Planning and Applying for Residency

Residency Matching Program

In July of the fourth year, students who are planning to graduate should sign up with the National Resident Matching Program (NRMP). In February, students will give the NRMP their lists of residency programs in which they’re interested. Any student who decides to take a fifth year or chooses a career that doesn’t require residency training may withdraw from the match.

  • We recommend that students read carefully the rules and regulations of the NRMP at

Researching Residency Programs

During the summer of their final year, students should get information about hospitals and residency programs in which they are interested. A good way to start is by consulting FREIDA (Fellowship and Residency Electronic Interactive Database Access System). Go to or These websites provide the names and addresses of program directors and data on most residency programs.

The AMA Green Book is another good source for residency information. It is available in the Office of Student Affairs Career Resource Center, located in the Harvey Cushing/John Hay Whitney Medical Library, Sterling Hall of Medicine, 333 Cedar St.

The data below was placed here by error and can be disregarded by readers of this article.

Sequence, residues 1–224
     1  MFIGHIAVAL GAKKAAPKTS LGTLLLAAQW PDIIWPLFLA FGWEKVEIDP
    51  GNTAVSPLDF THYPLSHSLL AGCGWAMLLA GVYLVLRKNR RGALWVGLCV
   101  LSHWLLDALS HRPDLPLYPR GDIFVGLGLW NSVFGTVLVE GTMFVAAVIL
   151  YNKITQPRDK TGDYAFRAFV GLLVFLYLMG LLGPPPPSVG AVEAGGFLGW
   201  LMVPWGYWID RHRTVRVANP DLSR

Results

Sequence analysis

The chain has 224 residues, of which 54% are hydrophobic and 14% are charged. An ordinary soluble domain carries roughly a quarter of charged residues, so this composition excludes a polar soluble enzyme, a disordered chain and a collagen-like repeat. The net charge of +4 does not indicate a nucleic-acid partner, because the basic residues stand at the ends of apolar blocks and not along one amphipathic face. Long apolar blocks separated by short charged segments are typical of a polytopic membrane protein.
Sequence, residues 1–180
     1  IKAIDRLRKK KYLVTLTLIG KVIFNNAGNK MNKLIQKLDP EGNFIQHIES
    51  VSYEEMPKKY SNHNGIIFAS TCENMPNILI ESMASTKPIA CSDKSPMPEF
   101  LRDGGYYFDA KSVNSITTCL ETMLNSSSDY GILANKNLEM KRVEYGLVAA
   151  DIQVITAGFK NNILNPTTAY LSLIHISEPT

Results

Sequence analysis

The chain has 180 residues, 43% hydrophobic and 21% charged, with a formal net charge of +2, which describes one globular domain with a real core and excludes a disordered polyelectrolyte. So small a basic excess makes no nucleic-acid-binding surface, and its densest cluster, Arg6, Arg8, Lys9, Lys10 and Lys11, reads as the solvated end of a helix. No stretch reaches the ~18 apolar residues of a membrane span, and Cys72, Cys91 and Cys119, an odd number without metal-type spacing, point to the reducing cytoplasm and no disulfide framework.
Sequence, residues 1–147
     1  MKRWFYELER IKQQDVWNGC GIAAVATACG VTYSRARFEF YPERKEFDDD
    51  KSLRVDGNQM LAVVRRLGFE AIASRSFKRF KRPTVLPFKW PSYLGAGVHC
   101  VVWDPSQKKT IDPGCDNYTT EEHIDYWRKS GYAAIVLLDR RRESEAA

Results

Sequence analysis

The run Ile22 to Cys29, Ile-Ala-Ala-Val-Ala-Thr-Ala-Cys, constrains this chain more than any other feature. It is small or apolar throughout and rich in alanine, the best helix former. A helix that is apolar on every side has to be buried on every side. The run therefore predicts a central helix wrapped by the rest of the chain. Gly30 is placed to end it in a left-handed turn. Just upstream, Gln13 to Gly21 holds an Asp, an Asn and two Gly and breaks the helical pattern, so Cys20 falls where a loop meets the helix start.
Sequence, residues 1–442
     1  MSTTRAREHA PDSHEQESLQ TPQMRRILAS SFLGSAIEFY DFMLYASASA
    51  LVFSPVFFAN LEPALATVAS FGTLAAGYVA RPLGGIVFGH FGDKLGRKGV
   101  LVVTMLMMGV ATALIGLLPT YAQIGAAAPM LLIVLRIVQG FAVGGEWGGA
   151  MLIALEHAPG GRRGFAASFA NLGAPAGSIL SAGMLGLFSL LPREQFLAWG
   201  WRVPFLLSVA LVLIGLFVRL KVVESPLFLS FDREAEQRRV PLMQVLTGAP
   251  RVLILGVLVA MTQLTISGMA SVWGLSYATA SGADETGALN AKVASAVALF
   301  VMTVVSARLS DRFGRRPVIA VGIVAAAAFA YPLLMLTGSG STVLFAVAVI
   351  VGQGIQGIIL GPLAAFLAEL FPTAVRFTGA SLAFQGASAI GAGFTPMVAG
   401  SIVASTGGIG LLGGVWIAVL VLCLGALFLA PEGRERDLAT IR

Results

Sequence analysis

The Career Resource Center also keeps on file information describing residency programs and career specialty choices, along with evaluations of training programs by previous graduates. We encourage students to e-mail our graduates for information about their residency program experiences. 

When you find a residency program that looks promising, go to the program website. It will have information on application deadlines, required number of letters of recommendation and other important application information.

Applying for Residency

The Electronic Residency Application Service (ERAS) transmits applications, letters of recommendation, Dean’s Letters, medical school transcripts, USMLE transcripts and other documents from the student and the medical school to the residency programs chosen by the student. The registrar will meet with students in July to go over the ERAS application process.

Access to ERAS usually starts about July 15. Before that, the associate dean will meet with students to review the application process. 

Specialty Match

The specialty match, also known as the “early” San Francisco Match, is treated separately, and the process of applying, interviewing and entering rank order lists occurs much earlier. Information on specialty matches is available at